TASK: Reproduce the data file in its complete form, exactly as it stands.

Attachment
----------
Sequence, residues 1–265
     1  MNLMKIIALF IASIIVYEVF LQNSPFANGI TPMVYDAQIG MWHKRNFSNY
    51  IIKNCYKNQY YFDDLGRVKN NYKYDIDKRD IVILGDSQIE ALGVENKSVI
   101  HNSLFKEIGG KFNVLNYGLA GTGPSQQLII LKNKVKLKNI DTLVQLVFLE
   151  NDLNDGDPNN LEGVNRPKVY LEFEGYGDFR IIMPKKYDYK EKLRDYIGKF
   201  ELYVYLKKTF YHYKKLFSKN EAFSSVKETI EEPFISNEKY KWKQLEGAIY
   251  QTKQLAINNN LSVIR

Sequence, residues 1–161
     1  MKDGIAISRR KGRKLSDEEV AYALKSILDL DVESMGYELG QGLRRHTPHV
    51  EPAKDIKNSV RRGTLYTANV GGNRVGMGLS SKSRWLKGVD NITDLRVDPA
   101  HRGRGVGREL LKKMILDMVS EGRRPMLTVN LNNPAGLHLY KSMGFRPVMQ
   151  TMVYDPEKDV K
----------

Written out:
Sequence, residues 1–265
     1  MNLMKIIALF IASIIVYEVF LQNSPFANGI TPMVYDAQIG MWHKRNFSNY
    51  IIKNCYKNQY YFDDLGRVKN NYKYDIDKRD IVILGDSQIE ALGVENKSVI
   101  HNSLFKEIGG KFNVLNYGLA GTGPSQQLII LKNKVKLKNI DTLVQLVFLE
   151  NDLNDGDPNN LEGVNRPKVY LEFEGYGDFR IIMPKKYDYK EKLRDYIGKF
   201  ELYVYLKKTF YHYKKLFSKN EAFSSVKETI EEPFISNEKY KWKQLEGAIY
   251  QTKQLAINNN LSVIR

Sequence, residues 1–161
     1  MKDGIAISRR KGRKLSDEEV AYALKSILDL DVESMGYELG QGLRRHTPHV
    51  EPAKDIKNSV RRGTLYTANV GGNRVGMGLS SKSRWLKGVD NITDLRVDPA
   101  HRGRGVGREL LKKMILDMVS EGRRPMLTVN LNNPAGLHLY KSMGFRPVMQ
   151  TMVYDPEKDV K